The years around the turn of the century bore witness to a binge of extravagant consumer spending that is unequalled in American history. This period happened to coincide with the onset of the electrification of our nation's homes, so an extraordinary amount of care and expense was lavished on our earliest forays into electric lighting. A prime example of these early extravagances was the mosaic or copper-foiled glass lamp shade. Louis Tiffany has rightly been credited for inventing and popularizing the medium, but there were also a significant number of other companies that followed Tiffany's lead in this popular new style. Until recently, however, the Tiffany name has so dominated the field that the work of his competitors has largely been ignored.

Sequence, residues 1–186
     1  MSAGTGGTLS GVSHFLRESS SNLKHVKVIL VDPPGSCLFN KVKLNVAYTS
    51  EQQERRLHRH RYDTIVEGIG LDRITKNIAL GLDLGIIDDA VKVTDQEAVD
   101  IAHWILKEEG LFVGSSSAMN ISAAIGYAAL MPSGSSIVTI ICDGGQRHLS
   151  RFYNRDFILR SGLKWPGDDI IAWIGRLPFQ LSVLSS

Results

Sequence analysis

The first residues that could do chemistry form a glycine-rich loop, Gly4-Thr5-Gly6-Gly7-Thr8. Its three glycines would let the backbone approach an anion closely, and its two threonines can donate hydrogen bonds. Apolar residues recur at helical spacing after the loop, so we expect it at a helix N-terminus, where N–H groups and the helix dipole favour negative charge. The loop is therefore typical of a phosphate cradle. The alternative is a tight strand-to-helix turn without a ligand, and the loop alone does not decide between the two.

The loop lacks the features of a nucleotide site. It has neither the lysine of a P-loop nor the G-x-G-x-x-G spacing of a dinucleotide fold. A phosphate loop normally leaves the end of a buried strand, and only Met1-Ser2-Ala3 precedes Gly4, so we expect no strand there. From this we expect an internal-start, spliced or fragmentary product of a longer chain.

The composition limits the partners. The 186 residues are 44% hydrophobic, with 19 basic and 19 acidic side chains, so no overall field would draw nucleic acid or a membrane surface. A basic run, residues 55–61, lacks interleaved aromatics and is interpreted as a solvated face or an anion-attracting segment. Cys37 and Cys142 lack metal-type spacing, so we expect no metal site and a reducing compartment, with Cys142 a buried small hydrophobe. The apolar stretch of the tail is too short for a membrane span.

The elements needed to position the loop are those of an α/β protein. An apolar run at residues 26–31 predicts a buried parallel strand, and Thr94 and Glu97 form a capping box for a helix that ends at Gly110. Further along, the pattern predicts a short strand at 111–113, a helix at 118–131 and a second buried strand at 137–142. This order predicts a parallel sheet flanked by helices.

Mosaic Shades II is the first book to comprehensively address the contribution of these lesser known manufacturers. Most of the lamps that they crafted are far rarer than Tiffany's output and seldom seen on the market today. A brief flip through the pages will reveal a presentation that is as astonishing in its diversity as it is in its wealth of creativity. In fact, the assembled images represent what is probably a truer picture of American taste after 1900 than the art nouveau style that dominated Tiffany's oeuvre. Rarely seen examples of their most elaborate lamps are sure to amaze and delight the antique lover and, hopefully, bring to you a greater appreciation of these unsung artisans.